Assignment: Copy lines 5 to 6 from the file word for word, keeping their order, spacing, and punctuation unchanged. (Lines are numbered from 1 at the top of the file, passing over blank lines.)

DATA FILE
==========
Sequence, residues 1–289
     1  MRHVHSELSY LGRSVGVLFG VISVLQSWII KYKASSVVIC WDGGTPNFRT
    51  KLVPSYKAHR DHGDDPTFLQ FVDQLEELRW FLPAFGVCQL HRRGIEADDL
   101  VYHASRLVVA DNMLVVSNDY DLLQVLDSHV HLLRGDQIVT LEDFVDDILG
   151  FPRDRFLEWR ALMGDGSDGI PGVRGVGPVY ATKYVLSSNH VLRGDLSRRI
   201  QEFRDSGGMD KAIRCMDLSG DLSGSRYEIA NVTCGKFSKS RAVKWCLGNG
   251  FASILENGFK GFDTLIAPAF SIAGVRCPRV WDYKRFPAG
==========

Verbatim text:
   151  FPRDRFLEWR ALMGDGSDGI PGVRGVGPVY ATKYVLSSNH VLRGDLSRRI
   201  QEFRDSGGMD KAIRCMDLSG DLSGSRYEIA NVTCGKFSKS RAVKWCLGNG